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he should not come saying, 'I am so holy that I think I must go in among the saints,' but, 'O brethren, I find I am 80 weak and wicked that I cannot stand alone; so, if you can help me, open the door and let me enter.'
A man will confess sins in general; but those sins which he would not have his neighbour know for his right hand, which bow him down with shame like a wind-stricken bulrush, those he passes over in his prayer. Men are willing to be thought sinful in disposition ; but in special acts they are disposed to praise themselves. They therefore confess their depravity and defend their conduct. They are wrong in general, but right in particular.
No man can go down into the dungeon of his experience, and hold the torch of God's word to all its dark chambers, and hidden cavities, and slimy recesses, and not come up with a shudder and a chill, and an earnest cry to God for divine mercy and cleansing.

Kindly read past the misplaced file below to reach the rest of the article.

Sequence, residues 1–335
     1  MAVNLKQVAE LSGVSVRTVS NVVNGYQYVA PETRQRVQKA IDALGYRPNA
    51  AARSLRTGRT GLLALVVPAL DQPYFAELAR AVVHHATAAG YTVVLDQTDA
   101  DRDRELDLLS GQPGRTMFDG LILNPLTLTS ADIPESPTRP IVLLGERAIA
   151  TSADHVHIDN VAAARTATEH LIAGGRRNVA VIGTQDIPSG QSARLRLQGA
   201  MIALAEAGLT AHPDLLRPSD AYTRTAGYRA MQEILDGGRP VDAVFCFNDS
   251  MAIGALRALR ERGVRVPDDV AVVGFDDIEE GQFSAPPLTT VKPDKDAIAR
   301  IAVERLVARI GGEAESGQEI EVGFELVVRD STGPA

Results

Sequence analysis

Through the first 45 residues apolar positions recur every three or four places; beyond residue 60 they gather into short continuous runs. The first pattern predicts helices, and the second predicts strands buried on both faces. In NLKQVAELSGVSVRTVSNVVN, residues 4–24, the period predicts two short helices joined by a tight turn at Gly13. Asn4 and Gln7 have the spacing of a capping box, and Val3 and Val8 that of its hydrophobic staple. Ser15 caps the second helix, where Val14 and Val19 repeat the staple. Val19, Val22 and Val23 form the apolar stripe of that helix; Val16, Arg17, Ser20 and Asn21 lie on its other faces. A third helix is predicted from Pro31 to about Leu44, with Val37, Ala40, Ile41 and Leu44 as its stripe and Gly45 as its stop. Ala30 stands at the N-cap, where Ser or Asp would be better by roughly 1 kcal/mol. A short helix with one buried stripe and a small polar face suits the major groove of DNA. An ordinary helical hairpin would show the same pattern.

Men think religion bears the same relation to life that flowers do to trees. The tree must grow through a long period before the blossoming time; so they think religion is to be a blossom just before death, to secure heaven. But the Bible represents religion, not as the latest fruit of life, but as the whole of it, beginning, middle, and end. It is simply right living.
When engineers would bridge a stream, they often carry over at first but a single cord. With that, next, they stretch a wire across. Then strand is added to strand, until a foundation is laid for planks; and now the bold engineer finds safe footway, and walks from side to side. So God takes from us some golden-threaded pleasure, and stretches it hence into heaven. Then he takes a child, and then a friend. Thus he bridges death, and teaches the thoughts of the most timid to find their way hither and thither between the shores.